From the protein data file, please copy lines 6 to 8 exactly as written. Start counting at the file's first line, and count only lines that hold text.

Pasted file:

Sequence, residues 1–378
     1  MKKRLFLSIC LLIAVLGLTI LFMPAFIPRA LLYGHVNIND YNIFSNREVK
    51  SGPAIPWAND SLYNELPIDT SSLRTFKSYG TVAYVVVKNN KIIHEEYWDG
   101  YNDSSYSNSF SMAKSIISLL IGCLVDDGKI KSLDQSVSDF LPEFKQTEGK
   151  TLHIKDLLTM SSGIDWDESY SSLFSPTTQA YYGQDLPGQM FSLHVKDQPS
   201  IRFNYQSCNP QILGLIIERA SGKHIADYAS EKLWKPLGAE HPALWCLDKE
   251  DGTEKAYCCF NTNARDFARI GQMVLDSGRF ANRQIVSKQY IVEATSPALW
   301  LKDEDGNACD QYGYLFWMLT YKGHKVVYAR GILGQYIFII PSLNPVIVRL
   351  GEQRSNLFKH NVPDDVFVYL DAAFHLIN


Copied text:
   201  IRFNYQSCNP QILGLIIERA SGKHIADYAS EKLWKPLGAE HPALWCLDKE
   251  DGTEKAYCCF NTNARDFARI GQMVLDSGRF ANRQIVSKQY IVEATSPALW
   301  LKDEDGNACD QYGYLFWMLT YKGHKVVYAR GILGQYIFII PSLNPVIVRL